Child Sexual Exploitation Ring
Collaborative Law Enforcement Efforts Dismantle Conspiracy
In late 2015 through early 2016, vulnerable girls as young as 14 and 16 were being exploited as part of a sex trafficking ring run by a group of conspirators in Ohio and Indiana.
But thanks to a joint law enforcement effort conducted by the FBI-led Toledo Child Exploitation Task Force, the ringleader of the conspiracy as well as the other six participants were eventually brought to justice and sentenced to lengthy federal prison terms.
The case started in December 2015, when the Lima (Ohio) Police Department began investigating allegations of human trafficking and forced prostitution involving a juvenile victim. One of the Lima officers who originally interviewed the victim was also a member of the Child Exploitation Task Force. That officer—based on his previous task force experiences—understood that the interstate aspects of the case made it a good candidate for federal jurisdiction, which often results in enhanced investigative resources and stronger criminal justice penalties.
So the case was referred to the task force—specifically to Special Agent Devon Lossick, the task force coordinator who works out of the FBI Cleveland Division’s Toledo Resident Agency.
According to Lossick, Lima resident Lorenzo Young was the leader of the group and was assisted, in varying degrees, by his longtime friend Aundre Davis, as well as by his girlfriend, mother, and three acquaintances.
“Members of the conspiracy would go after vulnerable and trusting young girls—usually runaways and others estranged from their families—by promising them money and then coaxing them into posing for sexually explicit photos,” Lossick explained. The photos would be posted to the adult entertainment sections of a classified ads website; when interested customers reached out, the girls would be transported to apartments in Lima or to motel rooms in nearby Fort Wayne across the Indiana state line.
“Especially in these kinds of cases, the victims always come first.”
Devon Lossick, special agent, FBI Cleveland (Toledo Resident Agency)
“And the financial proceeds of the transactions would go straight into the pockets of Young and his co-conspirators,” said Lossick.
Once the task force was on the case, investigators began to question some of the victims, gathered motel records and receipts, reviewed video surveillance, and conducted physical surveillance and court-authorized electronic surveillance on the suspects.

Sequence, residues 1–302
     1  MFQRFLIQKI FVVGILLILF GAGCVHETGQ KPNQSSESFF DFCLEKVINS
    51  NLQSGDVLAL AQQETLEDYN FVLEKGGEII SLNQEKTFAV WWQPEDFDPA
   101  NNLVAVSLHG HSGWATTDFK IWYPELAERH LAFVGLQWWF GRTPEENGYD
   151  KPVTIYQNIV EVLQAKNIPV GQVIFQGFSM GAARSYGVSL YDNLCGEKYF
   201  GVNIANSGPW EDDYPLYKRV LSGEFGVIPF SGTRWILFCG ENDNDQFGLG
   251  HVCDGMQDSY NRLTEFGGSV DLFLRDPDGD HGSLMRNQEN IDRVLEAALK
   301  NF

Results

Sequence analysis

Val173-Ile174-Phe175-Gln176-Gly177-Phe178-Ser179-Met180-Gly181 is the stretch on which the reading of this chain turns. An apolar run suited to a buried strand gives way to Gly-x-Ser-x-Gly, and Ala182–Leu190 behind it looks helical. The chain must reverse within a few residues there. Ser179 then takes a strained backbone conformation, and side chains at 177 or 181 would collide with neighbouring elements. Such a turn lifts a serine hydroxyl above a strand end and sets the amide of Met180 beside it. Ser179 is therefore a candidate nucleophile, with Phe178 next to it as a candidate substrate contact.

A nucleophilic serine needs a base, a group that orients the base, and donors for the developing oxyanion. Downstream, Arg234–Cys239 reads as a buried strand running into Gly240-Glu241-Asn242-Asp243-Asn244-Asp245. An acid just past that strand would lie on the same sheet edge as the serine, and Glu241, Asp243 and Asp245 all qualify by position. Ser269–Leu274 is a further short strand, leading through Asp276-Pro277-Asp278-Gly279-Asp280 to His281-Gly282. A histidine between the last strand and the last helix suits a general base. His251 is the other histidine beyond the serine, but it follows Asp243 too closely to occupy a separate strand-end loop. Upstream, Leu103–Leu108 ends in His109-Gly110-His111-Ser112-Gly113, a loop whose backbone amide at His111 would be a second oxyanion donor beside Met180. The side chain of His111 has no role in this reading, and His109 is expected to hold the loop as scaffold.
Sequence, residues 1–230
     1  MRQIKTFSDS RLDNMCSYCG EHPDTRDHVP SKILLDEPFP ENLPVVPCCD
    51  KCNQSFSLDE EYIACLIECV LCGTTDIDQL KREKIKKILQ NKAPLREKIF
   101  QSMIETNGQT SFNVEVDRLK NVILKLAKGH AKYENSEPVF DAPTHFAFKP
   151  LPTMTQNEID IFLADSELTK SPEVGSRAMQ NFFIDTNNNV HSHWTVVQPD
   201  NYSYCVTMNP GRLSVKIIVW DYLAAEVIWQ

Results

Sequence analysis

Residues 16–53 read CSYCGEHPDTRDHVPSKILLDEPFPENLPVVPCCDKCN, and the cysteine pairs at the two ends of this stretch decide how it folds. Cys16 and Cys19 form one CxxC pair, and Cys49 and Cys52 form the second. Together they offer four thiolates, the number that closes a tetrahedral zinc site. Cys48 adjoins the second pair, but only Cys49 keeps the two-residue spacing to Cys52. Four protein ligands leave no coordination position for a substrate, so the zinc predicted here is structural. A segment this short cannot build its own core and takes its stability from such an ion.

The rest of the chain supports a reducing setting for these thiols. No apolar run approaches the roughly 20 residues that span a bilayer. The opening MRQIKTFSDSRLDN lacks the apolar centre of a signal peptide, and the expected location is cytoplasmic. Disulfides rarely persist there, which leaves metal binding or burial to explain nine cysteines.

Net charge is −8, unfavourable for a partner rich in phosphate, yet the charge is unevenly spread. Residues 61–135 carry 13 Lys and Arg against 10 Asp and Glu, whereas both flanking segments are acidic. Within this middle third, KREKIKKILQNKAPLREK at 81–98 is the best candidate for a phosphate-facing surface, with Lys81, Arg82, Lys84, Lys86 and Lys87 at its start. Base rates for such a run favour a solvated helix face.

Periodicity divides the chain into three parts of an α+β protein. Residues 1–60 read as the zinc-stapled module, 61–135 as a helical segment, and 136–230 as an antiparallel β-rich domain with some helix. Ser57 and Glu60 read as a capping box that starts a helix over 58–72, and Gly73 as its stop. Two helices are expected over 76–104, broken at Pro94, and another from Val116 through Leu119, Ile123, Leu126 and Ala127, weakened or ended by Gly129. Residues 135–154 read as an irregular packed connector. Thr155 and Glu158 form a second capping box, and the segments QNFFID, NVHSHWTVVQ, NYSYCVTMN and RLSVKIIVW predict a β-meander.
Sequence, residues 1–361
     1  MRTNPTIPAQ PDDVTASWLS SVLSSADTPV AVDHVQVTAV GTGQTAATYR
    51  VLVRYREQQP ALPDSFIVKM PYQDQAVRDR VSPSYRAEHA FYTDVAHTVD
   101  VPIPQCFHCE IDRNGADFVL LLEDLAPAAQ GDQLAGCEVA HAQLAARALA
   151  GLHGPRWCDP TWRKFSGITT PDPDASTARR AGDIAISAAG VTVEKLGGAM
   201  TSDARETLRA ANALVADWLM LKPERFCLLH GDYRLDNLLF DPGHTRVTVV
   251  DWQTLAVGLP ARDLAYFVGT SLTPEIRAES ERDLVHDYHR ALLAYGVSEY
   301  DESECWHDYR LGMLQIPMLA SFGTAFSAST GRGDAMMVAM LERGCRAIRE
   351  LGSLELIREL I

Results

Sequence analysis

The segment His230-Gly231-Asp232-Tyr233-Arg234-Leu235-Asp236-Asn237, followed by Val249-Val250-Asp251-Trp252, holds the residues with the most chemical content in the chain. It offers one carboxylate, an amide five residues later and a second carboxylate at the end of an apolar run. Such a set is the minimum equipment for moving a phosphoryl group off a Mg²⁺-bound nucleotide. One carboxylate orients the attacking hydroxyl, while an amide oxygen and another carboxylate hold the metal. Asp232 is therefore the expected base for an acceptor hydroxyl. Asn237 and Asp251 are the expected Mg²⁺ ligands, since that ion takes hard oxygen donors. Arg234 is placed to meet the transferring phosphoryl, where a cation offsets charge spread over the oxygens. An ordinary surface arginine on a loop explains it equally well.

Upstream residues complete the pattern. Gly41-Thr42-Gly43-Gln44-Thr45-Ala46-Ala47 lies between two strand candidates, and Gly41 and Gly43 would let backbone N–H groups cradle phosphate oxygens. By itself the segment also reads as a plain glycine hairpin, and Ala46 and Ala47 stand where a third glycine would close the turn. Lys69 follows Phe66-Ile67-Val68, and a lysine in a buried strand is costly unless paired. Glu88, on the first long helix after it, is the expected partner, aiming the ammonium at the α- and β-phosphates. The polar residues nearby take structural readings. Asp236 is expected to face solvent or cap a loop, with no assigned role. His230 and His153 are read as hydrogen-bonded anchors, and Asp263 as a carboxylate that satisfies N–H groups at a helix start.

At one point, Young suspected he might be under federal investigation and began instructing his mother to delete text messages and e-mails related to the criminal activity. Young also directed others in the conspiracy to post threatening messages on social media to discourage the victims from talking to law enforcement.
By June 2016, investigators had enough evidence, and seven individuals—including Young—were charged by a federal jury in Ohio. Five were indicted on human trafficking charges, and two on charges related to obstructing the investigation. Five subjects eventually pleaded guilty and were sentenced, but Lorenzo Young and his friend Aundre Davis opted for a trial. Both were convicted at trial in May 2017, and in December 2017, Young was sentenced to life in prison, while Davis received a 30-year term.
Lossick firmly believes that the successful outcome of this case was the result of “strong and collaborative relationships between the FBI and the law enforcement agencies on the task force—especially the Lima Police Department, who we worked with closely on this particular investigation.”
And of the ongoing work of the Toledo Child Exploitation Task Force, Lossick says that “it continues to be successful at getting kids out of harm’s way and giving victims the support they need to get on with their lives.” In the Lorenzo Young case, FBI victim-witness specialists from both the Cleveland and Cincinnati Divisions worked with the juveniles exploited by Young and his crew, providing them with emergency support, crisis intervention help, social services referrals, information about their case, and other victim assistance services.
“Especially in these kinds of cases,” explained Lossick, “the victims always come first.”